Jitney Jungle usually has success with promotions that feature encyclopedias or dishware, provided that the dishware is offered in a popular pattern, he said. The chain conducts informal customer surveys on dishware pattern preferences and researches what's selling at department stores. "There is no magic price point to aim for in a continuity, except to try and give consumers the best deal," said Harold Nash, president of Encore Promotions, a promotion and marketing firm in Westbury, N.Y. "Prices can be constructed starting at $1.99 for a bath towel or free wash cloth, to $59.99 for AT&T cordless telephones, all tied to a minimum purchase. The same phone would sell at $99.99 at a discounter." Nash said continuities are important because they help provide repeat traffic.
"A continuity is basically a golden rubberband that compels the shopper to consciously or subconsciously return to the retailer to complete a stamp-saver card tied to a purchase, so that they qualify for an item at a certain price," he said. The success of a continuity, though, often hinges on the type and style of merchandise offered, some retailers said. Brand-name continuities carry built-in recognition and let customers know the product is a good value.
An Oneida brand flatware continuity "helped ensure the success of the promotion since consumers recognized the name and the quality it offered," said Burnett of Supervalu.
But shoppers are also receptive to unknown names with high department store quality, such as towel or cookware promotions, said Nash of Encore.
Brookshire Grocery Co., Tyler, Texas, will increase the number of continuities from five to six this year, since the promotions "develop a continuity of shopping," said Evan Nielsen, advertising manager. The chain gages its continuities on marketing conditions. At stores in competitive areas, it usually opts for traffic-building promotions run at cost to generate higher traffic counts, he said. But campaigns timed for a particular season or designed for a product that hasn't been promoted recently usually call for a for-profit approach, Nielsen explained.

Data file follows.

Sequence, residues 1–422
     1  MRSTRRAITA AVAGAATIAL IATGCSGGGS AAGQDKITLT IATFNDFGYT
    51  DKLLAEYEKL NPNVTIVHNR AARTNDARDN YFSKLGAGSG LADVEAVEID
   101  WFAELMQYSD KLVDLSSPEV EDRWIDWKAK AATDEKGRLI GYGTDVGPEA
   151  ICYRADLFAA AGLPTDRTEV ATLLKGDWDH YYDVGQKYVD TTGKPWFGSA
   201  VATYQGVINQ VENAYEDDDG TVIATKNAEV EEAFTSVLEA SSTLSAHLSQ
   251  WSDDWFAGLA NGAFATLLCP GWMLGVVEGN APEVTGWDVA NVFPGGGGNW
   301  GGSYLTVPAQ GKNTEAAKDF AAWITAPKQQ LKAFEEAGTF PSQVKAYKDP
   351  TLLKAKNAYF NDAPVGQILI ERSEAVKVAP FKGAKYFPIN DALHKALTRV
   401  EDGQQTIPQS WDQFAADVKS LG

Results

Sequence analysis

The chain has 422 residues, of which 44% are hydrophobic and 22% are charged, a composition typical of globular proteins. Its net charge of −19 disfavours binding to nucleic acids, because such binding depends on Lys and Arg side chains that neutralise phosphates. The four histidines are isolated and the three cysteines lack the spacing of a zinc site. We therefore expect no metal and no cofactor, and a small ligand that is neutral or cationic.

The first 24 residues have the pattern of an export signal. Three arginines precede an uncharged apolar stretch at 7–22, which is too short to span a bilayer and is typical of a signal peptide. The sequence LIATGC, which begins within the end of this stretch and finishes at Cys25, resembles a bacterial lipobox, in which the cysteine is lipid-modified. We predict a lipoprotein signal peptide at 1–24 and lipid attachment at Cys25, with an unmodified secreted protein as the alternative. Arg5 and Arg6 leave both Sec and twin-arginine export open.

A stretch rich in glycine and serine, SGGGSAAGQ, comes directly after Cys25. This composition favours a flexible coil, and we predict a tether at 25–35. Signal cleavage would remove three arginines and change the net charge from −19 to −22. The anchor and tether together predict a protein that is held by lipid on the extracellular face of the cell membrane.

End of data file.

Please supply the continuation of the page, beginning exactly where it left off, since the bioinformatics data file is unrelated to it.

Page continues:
"The first quarter, when we ran a Corning Visionware continuity at cost, is good for traffic-building promotions. Shoppers could purchase any of 10 items at a $3 savings off the regular $3.99 to $22.99 retails with a completed saver card with 10 saver stamps. A shopper received a stamp with each $5 in purchases. A&P, Montvale, N.J., intends to run seven continuities this year, the same amount as last year, according to Bill Vitulli, vice president of government and community relations. Vitulli said continuities usually have guaranteed success because the type of merchandise offered stays in demand.
"New families generate and items wear out, which has made continuities in towels, dishes or books continually successful," said Vitulli. Chains that have opted out of continuities for one reason or another are now mulling the prospect of launching one or more. Weis Markets, Sunbury, Pa., hasn't had a continuity for the past three to four years, but is now reviewing some continuity proposals.